Romy, what do you mean by "the negative curving is longer to engage"? I picture a platter that has been machined to the negative trace of the LP face but without any means to "engage" the LP unless there are further stipultions, such as weights, clamps or vacuum; in other words, the negative trace itself is just a "mirror" resting place where the disc sits +/- , according to how flat it happens to be, unless and until the disc is made to conform and sit perfectly tight by other means. Of course Micro did have high-tech vaccuum TTs available, too, although I know nothing about them, nor do I know anything about their propritary clamps, if they had them.
It appears however that I am the oddball, with the vacuum, since the vast bulk of TTs are sold and used without any means, let alone any effective means, to couple the LP to the platter, negative curve or no, and most people who use the clamps believe they are just flattening the warped LP with them. While many people want to think they are coupled, most of that lot basically does nothing active to ensure that it happens.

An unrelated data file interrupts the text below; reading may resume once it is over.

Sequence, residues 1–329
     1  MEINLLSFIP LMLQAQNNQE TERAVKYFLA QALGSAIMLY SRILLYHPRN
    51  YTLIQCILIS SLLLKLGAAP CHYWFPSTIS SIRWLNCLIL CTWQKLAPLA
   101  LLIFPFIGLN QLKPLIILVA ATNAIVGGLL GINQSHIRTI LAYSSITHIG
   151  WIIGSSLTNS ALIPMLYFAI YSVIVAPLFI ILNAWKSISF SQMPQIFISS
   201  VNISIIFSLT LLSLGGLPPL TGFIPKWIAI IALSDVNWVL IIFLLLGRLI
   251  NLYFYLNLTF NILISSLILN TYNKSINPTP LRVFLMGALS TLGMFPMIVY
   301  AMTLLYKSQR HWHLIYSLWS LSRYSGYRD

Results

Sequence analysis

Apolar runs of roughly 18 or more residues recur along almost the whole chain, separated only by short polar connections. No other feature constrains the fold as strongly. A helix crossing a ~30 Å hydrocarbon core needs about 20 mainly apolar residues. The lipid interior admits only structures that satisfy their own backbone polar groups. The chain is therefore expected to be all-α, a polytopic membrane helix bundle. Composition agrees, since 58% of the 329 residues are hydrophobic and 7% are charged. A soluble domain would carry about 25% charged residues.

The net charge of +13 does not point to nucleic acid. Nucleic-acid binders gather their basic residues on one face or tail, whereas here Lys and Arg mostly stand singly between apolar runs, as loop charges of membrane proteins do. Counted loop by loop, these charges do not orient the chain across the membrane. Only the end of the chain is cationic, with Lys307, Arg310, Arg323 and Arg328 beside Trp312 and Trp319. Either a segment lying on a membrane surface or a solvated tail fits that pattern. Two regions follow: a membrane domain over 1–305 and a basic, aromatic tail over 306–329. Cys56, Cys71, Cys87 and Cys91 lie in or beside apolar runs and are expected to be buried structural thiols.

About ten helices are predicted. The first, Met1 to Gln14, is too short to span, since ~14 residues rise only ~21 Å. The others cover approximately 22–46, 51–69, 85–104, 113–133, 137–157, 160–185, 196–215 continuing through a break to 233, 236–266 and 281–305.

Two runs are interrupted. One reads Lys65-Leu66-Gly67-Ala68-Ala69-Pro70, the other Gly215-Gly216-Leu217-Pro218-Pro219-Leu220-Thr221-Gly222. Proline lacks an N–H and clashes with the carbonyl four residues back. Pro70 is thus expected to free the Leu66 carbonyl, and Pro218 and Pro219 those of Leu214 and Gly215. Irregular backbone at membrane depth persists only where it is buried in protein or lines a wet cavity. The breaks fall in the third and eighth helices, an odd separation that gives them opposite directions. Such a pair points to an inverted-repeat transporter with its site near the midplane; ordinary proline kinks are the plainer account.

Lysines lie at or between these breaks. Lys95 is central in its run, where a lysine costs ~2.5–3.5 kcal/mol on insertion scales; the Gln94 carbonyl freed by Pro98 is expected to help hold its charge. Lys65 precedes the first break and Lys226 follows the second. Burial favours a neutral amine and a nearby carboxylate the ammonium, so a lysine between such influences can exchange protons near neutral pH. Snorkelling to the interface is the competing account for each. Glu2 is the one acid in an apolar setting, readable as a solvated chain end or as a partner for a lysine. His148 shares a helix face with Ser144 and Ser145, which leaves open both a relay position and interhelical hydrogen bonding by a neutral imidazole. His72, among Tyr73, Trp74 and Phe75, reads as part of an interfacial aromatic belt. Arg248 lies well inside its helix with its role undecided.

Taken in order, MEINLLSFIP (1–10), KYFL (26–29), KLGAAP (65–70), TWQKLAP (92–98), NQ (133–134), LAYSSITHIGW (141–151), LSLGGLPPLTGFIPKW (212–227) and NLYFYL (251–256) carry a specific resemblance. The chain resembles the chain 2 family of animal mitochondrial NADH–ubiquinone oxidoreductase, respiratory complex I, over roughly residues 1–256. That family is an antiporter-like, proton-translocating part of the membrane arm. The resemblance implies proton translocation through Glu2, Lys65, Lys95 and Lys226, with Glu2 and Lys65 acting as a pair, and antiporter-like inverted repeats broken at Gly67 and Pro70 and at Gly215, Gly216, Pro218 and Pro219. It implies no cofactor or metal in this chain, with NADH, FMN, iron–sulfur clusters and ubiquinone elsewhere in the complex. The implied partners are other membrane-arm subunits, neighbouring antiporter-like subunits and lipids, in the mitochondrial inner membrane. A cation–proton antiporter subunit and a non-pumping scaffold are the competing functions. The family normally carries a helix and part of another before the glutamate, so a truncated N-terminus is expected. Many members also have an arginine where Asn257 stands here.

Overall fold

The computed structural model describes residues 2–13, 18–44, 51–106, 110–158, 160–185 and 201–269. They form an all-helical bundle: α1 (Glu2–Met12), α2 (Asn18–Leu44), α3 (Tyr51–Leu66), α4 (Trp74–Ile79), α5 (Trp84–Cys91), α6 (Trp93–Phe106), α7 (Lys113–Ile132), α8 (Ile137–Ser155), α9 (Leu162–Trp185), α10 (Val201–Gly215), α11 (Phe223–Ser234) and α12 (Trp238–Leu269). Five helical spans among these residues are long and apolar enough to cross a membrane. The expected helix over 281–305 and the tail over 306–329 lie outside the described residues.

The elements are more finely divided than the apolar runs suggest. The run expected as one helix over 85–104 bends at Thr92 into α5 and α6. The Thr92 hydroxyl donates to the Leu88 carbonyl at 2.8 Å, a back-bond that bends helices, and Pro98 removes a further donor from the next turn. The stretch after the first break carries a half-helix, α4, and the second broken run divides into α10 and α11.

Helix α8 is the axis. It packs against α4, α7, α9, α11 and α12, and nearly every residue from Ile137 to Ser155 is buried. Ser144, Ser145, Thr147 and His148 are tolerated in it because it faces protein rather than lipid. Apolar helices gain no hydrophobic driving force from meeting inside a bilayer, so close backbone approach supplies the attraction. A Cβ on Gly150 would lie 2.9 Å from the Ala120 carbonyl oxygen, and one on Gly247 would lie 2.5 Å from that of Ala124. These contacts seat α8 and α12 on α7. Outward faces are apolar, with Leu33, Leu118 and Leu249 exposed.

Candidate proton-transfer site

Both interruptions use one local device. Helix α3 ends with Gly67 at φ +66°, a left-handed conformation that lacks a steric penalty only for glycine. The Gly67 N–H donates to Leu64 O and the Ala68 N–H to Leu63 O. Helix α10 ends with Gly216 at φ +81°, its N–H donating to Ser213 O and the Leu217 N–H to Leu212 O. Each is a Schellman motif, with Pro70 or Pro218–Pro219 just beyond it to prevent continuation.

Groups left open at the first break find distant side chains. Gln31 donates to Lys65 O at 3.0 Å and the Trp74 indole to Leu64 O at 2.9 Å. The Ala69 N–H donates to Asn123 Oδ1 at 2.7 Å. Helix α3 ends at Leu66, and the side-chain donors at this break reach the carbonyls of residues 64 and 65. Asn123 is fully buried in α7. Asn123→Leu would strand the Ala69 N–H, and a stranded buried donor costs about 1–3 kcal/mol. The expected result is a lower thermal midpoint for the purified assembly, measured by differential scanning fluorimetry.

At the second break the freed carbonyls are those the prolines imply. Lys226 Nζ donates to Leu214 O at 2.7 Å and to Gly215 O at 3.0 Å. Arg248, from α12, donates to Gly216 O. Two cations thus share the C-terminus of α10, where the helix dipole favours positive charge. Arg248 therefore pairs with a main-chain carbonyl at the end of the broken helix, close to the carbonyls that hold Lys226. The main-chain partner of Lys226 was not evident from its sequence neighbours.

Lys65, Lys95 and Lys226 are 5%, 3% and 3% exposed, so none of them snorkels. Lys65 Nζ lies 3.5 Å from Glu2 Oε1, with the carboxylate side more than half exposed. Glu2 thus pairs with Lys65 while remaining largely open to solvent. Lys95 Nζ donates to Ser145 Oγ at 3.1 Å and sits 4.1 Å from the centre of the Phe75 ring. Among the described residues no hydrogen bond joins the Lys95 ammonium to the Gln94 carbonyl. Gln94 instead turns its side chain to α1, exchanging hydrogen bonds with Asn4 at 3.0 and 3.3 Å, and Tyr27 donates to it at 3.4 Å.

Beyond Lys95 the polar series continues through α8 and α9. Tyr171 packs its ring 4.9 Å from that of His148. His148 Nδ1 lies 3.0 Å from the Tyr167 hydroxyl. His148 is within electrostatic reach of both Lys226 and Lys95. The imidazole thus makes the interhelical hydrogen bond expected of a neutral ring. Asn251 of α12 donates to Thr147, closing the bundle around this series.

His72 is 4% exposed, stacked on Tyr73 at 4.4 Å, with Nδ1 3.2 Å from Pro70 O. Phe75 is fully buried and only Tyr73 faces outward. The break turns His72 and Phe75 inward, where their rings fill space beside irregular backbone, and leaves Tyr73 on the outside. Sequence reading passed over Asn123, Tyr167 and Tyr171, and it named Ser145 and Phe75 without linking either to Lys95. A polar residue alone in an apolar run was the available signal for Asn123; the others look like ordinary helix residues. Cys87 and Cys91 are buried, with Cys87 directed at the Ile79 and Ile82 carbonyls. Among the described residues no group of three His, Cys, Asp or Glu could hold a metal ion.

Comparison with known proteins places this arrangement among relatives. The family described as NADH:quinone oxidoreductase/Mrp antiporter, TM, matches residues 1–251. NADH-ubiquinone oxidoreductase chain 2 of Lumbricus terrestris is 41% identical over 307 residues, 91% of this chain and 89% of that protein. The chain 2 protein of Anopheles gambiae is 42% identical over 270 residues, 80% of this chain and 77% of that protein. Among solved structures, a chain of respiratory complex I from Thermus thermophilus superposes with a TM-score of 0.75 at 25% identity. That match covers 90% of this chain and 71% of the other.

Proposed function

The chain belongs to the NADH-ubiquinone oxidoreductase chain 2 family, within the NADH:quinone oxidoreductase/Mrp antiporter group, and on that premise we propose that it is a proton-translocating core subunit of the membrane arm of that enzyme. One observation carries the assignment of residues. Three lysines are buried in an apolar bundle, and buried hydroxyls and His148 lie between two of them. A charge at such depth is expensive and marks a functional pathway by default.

If anyone following along has used low-pressure vacuum for a while and then gone away from it, please speak up and offer some intelligent reasons for your switch. Although Lloyd Walker makes some very interesting observations during his clamp versus vacuum arguments, the "tap test" and subsequent listening comparisons have convinced me of the generic fact that well-done coupling is very beneficial. In my comparisons I hear no advantages in loose discs. Needless to say I am curious to hear the Walker, although it could be pretty scary, given the ancillary equipment they all seem to use. Even so, as I laid out in my "Balls to Shop" thread, there might still be some There there.